Interview With an Author: Peter Blauner

Daryl M., Librarian, West Valley Regional Branch Library,
Author Peter Blauner and his latest novel, Picture in the Sand
Author Peter Blauner and his latest novel, Picture in the Sand. Photo of author: Michael Parmelee

Peter Blauner's career has spanned several generations of New York City storytelling, and several mediums as well. A native of Manhattan and current Brooklyn resident, he began as an assistant to legendary NYC newspaperman Pete Hamill. He then spent ten years writing for New York Magazine, covering cops, politicians, boxers, rappers, and other oddities of urban life. His first novel, 1992’s Slow Motion Riot, inspired by a stint as a volunteer as a probation officer and garnered the Edgar Award for best first novel. Five more novels followed, including The Intruder, a New York Times bestseller and a bestseller in England. Picture in the Sand is his ninth novel and he recently talked about it with Daryl Maxwell for the LAPL Blog.


What was your inspiration for Picture in the Sand?

It was watching The Ten Commandments, the spring after 9/11. Everyone I knew was still pretty emotional about the attacks and looking for comfort in familiar rituals. That movie was always on TV during the Passover seder. But because it was a long meal, I’d only seen the parting of the Red Sea at the end. That year, dinner was delayed, and, as I watched the opening credits, I noticed that the Pharaoh’s Army was played by officers from the Egyptian Cavalry. To most people, that’s trivia. But since I’m a recovering journalist—as well as being a movie fan—I knew it was historical. It meant that Cecil B. DeMille had gone to Egypt right after its 1952 revolution when the king was deposed and had somehow made a deal with its new military leaders when they were battling religious fundamentalists for control of the country. To make a Bible epic. I knew there was a once-in-a-lifetime story to be told—about faith, terror, and show business. It took twenty years, and there were a lot of bumps along the way, but I couldn’t let it go until I saw it between two covers.

Are Alex, Ali, Mona, Sherif, or any of the other characters you created for the novel inspired by or based on specific individuals?

Most of the ones you mention here are figments of my imagination or based on people I know in Cairo and New York. But Ali, the main character, is at least partly me. I know there’s a lot of controversy these days about whether you can write about somebody from a different culture and background. I get why representation matters. But what’s wonderful about fiction is that it can take you to another time and place, and maybe into somebody else’s skin for a little while. So Ali may not look like me. But we’re both guys who love our families and love storytelling, so that’s something.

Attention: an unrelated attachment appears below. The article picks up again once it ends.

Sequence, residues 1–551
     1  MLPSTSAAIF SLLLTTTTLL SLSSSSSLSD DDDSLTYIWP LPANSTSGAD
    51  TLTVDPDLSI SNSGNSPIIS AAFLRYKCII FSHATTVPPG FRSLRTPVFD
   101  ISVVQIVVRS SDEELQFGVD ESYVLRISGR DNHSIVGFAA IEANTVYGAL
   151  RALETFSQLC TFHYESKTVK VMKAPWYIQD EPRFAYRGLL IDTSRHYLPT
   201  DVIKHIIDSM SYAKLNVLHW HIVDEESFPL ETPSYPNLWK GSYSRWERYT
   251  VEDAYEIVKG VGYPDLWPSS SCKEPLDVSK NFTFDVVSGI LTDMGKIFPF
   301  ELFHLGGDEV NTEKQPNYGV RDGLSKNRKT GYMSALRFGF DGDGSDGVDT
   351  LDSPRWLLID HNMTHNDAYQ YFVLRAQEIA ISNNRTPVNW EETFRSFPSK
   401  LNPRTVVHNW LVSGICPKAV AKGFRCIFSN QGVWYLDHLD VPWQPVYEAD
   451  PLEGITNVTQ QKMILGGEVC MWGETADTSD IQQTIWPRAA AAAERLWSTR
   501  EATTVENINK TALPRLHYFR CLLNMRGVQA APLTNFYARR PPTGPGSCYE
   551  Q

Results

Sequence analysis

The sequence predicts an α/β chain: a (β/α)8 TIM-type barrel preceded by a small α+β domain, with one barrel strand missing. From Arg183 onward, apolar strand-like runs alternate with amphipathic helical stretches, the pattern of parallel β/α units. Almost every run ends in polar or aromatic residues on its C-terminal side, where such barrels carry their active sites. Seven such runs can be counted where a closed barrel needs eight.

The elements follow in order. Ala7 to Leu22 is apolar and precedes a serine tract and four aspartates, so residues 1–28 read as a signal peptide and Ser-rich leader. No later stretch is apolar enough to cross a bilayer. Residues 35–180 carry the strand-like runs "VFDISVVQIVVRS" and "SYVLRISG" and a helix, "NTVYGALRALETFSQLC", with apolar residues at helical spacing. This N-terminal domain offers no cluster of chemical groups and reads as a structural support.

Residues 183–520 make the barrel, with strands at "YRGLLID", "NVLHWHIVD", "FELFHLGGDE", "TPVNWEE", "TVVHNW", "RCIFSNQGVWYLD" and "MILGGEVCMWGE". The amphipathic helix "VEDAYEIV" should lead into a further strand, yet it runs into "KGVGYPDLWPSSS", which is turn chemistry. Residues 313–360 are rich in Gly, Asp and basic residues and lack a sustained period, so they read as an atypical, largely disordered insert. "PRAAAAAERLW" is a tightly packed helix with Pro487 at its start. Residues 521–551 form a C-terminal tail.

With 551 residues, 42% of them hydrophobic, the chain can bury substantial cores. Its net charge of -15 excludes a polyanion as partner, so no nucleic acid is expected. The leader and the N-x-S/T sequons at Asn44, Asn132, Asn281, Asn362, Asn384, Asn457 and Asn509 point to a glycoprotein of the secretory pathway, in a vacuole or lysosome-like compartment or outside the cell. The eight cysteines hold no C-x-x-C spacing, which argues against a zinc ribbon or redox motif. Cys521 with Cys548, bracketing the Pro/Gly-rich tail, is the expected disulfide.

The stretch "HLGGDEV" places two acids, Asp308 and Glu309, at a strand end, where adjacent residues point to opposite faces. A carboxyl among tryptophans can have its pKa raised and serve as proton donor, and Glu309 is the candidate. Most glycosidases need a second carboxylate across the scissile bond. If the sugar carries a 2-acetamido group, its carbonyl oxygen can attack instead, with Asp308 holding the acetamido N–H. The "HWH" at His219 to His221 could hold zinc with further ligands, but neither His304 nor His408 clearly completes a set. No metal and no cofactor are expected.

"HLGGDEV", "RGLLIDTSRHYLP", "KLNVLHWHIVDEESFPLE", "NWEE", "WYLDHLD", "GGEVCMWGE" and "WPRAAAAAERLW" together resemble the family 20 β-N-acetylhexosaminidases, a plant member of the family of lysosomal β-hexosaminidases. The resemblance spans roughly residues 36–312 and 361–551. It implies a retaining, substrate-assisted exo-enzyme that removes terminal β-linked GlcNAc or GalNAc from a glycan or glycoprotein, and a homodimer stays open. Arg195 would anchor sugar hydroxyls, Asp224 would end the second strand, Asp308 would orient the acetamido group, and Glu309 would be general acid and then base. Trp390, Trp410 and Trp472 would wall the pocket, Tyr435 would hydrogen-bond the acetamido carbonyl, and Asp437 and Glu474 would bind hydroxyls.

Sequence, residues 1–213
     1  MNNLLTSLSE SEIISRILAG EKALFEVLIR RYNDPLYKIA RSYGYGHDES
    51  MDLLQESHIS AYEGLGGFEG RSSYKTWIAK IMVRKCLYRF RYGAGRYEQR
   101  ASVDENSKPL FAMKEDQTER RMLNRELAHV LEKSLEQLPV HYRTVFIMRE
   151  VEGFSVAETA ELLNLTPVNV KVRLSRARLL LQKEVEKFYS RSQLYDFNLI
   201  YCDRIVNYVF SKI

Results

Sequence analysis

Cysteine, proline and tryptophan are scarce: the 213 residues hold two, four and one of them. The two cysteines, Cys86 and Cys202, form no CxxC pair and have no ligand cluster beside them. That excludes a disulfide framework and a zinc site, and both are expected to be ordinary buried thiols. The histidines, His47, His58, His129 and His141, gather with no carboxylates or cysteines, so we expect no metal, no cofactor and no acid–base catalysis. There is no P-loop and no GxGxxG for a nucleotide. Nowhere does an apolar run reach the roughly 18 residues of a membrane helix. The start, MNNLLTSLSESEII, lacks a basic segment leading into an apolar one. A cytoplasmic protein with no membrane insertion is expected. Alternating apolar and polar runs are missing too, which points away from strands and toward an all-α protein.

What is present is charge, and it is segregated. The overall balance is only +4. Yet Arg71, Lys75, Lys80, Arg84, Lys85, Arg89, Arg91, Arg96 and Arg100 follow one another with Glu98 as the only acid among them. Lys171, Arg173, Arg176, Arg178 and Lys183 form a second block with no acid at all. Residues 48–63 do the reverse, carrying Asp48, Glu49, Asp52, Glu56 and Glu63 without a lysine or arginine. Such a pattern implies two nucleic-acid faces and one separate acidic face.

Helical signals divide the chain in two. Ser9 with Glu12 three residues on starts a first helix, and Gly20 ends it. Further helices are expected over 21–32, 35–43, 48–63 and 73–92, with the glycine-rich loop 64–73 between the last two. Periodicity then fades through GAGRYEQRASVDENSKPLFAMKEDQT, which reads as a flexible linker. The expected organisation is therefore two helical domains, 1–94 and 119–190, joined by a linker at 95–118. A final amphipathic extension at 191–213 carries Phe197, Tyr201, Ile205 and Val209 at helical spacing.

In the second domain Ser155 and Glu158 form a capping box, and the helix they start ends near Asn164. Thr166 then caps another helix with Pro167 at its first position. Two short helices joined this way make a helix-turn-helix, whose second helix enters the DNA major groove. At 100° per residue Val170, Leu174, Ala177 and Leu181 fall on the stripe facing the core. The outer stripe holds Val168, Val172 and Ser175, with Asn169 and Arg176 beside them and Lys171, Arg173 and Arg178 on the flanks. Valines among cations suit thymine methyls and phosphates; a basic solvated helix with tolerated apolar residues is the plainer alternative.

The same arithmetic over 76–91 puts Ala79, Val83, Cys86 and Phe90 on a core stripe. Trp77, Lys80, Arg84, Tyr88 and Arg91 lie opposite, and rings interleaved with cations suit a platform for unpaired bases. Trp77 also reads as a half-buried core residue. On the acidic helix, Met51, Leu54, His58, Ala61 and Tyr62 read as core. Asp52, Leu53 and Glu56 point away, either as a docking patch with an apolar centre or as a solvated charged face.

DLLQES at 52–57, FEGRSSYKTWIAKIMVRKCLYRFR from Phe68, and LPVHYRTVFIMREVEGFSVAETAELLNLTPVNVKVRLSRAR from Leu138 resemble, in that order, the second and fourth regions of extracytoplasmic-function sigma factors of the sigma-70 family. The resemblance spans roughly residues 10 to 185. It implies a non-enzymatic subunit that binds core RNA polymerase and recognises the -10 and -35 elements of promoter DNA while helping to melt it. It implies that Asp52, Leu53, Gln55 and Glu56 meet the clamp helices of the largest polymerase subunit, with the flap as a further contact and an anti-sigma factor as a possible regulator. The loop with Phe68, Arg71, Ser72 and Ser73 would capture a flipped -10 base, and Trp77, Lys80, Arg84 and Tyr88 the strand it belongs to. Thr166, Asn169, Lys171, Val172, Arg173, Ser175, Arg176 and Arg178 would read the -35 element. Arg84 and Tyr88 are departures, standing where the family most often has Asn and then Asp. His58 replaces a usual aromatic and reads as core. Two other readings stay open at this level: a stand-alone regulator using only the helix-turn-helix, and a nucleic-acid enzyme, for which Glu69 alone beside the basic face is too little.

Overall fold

How did the novel evolve and change as you wrote and revised it? Are there any characters or scenes that were lost in the process that you wish had made it to the published version?

There were at least ten major iterations. I tried to avoid making Ali the main character for a while, but deep down, I always knew it was his story because he was the little guy looking at the big guys and had the most authentic point of view.

And yes, there were a lot of darlings that had be killed. I still miss a scene where DeMille and the rest of the Hollywood crew show up at St. Catherine’s Monastery near Mount Sinai, and the abbot there grills them on how many of the Ten Commandments they’ve kept and how many they’ve broken. Let’s just say no one passes with flying colors.

Have you visited Egypt, Cairo, the pyramids, or any of the other sites/areas described in the novel? If so, when did you go?

I went to Egypt six times to research the book, starting in 2005, including a month during the Arab Spring of 2011. I had many strange and wonderful adventures while I was there and met some terrific people. One of my favorites was an old Greek Orthodox monk I met on Mount Sinai. He asked me why I was there, and when I said I was researching a novel about a film, he said, “Oh, The Ten Commandments? I have the DVD!” He began to get a little terse when he sensed I was not terribly religious. But he stopped me when I started to walk away and asked if I could score him a tin of Captain Black tobacco at Nat Sherman Tobacconists on 42nd Street.

Do you have any favorite places in Egypt? A hidden gem that someone visiting should not miss, but would only learn about from a previous visitor or a resident?

If you go to Abu Tarek, the koshary joint near Tahrir Square, you’re gonna be happy. And it’s hard to go wrong, having a drink in the outdoor garden at the Marriott on Zamalek or at the Mena House Hotel near the Pyramids. But I have a particular soft spot for the Umm Kulthum Museum in Monastirli Palace, dedicated to Egypt’s most beloved singer. In terms of her cultural impact, imagine the Beatles, Adele, and Dylan rolled into one and then multiplied by about ten. You’re getting close.

How familiar were you with the production of Cecil B. DeMille’s The Ten Commandments prior to your novel? Did you have to do a bit of research? How long did it take you to do the necessary research and then write Picture in the Sand?